"It’s been a ride, and I when I look back on it now, it’s all worth it." - Ricardo Lamas
If patience is a virtue, Ricardo Lamas is unquestionably a virtuous man.
For the last 370 days, the surging featherweight contender has been waiting for his opportunity to step into the Octagon with reigning champion Jose Aldo. He has been passed over, pushed aside, and not picked, but through it all, the 31-year-old with the sterling 13-2 record and four-fight winning streak has focused on fighting for the championship.
Saturday night, the patient fighter will finally get his opportunity, as he and Aldo will go toe-to-toe in the co-main event of UFC 169 at the Prudential Center in Newark, New Jersey.
“It’s been a ride, and I when I look back on it now, it’s all worth it,” Lamas says of the 12 months he’s spent waiting for his name to be called to stand opposite the Brazilian champion. “I don’t think it could have played out any better - I’m co-headlining a Pay-Per-View event on Super Bowl weekend. It’s one of the biggest weekends in sports and I’m glad to be a part of it.”
Lamas’ journey to New Jersey and vying for UFC gold truly began with his win over Cub Swanson in November 2011, when the Chicago-based battler rallied after dropping the first round to submit the Brazilian jiu-jitsu black belt midway through the second frame. The win put Lamas on the radar, and his follow-up victory over former No. 1 contender Hatsu Hioki - coupled with Swanson’s dominant run since their meeting - left him on the short list of contenders.
Seven months later, he was matched up with Erik Koch, a rising star in his own right who had been scheduled to face Aldo for the title twice the previous year only to have injuries scuttle both contests. The bout was widely expected to determine who would be next in line to challenge for the title, and Lamas made it crystal clear that he was deserving of the opportunity by battering the Duke Roufus student from the opening bell, securing the finish midway through the second round.
The call to fight Aldo never came.
Anthony Pettis dropped down from lightweight and cut to the head of the line a week later, prompting Lamas to accept a bout with “The Korean Zombie,” Chan Sung Jung, as he returned from a one-year hiatus.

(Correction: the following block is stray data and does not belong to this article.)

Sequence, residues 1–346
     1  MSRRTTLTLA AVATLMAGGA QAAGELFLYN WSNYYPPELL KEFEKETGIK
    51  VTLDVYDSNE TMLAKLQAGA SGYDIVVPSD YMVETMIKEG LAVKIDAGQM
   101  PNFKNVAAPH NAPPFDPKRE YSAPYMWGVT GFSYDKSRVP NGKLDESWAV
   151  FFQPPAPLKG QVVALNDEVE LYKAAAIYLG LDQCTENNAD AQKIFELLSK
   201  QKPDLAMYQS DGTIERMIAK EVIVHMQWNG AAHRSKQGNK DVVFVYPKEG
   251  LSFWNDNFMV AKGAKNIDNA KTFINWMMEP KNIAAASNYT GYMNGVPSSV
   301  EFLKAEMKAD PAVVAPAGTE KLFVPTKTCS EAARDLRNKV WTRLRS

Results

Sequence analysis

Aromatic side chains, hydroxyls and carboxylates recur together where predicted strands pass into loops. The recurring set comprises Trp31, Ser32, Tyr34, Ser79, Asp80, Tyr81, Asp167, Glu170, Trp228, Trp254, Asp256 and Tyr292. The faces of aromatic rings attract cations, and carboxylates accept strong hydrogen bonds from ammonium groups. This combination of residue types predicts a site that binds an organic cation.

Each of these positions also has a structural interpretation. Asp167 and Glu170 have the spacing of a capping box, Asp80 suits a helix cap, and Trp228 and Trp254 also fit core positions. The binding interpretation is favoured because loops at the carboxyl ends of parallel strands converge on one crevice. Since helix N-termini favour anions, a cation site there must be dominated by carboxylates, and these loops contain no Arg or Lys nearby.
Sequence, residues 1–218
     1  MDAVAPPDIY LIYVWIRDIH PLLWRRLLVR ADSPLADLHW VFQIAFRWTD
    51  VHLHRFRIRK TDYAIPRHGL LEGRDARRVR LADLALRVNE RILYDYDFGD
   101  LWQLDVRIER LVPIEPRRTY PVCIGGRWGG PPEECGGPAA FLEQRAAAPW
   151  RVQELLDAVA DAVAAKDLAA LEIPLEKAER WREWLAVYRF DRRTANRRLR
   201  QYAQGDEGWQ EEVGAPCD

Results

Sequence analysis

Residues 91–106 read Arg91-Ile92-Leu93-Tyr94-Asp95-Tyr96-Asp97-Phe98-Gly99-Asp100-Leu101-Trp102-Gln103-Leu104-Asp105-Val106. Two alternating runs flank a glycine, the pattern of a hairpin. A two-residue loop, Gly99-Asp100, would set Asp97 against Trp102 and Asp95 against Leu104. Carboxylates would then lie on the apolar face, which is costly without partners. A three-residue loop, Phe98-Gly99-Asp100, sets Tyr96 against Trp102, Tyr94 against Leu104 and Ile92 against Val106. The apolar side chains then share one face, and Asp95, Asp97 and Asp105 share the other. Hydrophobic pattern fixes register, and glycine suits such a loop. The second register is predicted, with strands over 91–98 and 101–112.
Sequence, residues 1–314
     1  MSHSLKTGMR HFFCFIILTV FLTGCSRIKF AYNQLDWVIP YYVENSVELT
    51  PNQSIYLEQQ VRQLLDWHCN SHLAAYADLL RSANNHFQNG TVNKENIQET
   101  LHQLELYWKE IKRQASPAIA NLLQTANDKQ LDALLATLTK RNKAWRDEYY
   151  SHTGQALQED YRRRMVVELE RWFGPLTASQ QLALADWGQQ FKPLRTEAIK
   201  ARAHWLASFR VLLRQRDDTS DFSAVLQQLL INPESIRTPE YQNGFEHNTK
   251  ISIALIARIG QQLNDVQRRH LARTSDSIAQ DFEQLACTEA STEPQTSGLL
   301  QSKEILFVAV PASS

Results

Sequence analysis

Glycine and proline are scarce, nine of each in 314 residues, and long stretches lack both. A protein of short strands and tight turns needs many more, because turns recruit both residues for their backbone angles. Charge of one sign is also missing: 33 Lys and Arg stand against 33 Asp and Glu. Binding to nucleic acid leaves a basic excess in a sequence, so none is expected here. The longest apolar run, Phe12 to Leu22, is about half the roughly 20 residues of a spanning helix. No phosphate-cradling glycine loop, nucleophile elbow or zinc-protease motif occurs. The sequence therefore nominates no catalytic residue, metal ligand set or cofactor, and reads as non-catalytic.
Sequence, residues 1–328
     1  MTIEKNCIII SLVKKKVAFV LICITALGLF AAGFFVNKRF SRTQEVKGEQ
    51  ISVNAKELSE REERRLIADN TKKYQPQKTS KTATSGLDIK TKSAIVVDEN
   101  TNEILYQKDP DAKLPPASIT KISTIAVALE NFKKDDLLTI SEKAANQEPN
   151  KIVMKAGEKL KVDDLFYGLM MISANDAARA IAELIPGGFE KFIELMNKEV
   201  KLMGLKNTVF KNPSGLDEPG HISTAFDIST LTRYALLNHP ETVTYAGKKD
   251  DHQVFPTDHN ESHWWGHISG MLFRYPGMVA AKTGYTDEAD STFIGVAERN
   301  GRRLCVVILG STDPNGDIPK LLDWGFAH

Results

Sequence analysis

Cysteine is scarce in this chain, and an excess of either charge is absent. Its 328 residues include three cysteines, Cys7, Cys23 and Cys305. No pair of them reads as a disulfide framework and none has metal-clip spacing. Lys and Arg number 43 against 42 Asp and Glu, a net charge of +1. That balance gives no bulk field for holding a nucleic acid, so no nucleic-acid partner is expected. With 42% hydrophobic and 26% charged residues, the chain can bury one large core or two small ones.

But that wasn’t meant to be either.
When Pettis fell out of his title bout with Aldo, the UFC tabbed Jung, not Lamas, to replace him, leaving the man who many believed had already done enough to merit a title shot to continue waiting.
“There would have come a point where I would have had to fight, whether it was for the title or not. But we were in talks with the UFC the whole time. They weren’t giving us a definitive no, but they weren’t giving us a definitive yes either, so we were kind of forced to wait. If they had said no, I would have said, `Okay, throw the next person at me.’
“It’s changed me a lot,” he says, reflecting on his one-year wait to fight for the featherweight title. “I think I’ve matured as a fighter and gotten better as a fighter over this past year. I haven’t been training for a specific person, so I’ve been able to concentrate on myself, my own game, and it’s made me hungrier. Going through an entire camp for the fight against Zombie and then having it taken away just lit that fire under my ass even more this time.”
His stutter-step voyage to facing Aldo tomorrow night in Newark is not unlike the odyssey middleweight champion Chris Weidman endured leading up to his initial pairing with Anderson Silva last summer.
Like Weidman, Lamas too heard people say he wasn’t a big enough name to fight for UFC gold and ask, “Who has he really beaten?” despite having stepped up in competition and delivering a more impressive performance with each successive outing since debuting at featherweight in June 2011.
The year away never fazed Weidman, who said he was going to shock the world and did exactly that when he knocked out Silva at UFC 162, and now Lamas is focused on doing the same thing Saturday night against the 23-1 Aldo at UFC 169.
“I think mentally I’m a very strong person, and that’s what it takes to beat someone like Jose Aldo or to beat a champion like Chris Weidman did against Anderson Silva. You have to believe in yourself.
“I think that a lot of people that fought against him were mentally beaten before they even got in the Octagon with him. I’m strong enough physically, but mentally as well, and I think that’s going to be a huge part of this fight.
“It seems like the higher up the ranks that I’ve gotten and as the guys have gotten tougher and tougher, I raise up to the level of my opponents. You give me the toughest guy out there and you’ll see the toughest guy come out of me.”
Make no mistake about it - Aldo is as tough as they come, having won 16 consecutive contests, including eight straight championship fights between the WEC and UFC. Equally capable of brutalizing his opponent’s lead leg for 25 minutes or ending the fight in dramatic fashion with any number of strikes, the reigning, defending, and undisputed champion is a considerable favorite heading into the contest, rightfully so, and the challenger wouldn’t have it any other way.
“In every UFC fight that I have had, I’ve been the underdog going in. I’m used to it, and I don’t care what other people think. I know my own skills, I know what I can do, and that’s why I’ve come out on top every time.
“This fight is going to be no different - I’m going in there expecting to win. I trained for these three months to win a fight. I’m not going in there to give Jose Aldo a tough fight; I’m going in there to beat him - and that’s the only thing on my mind.”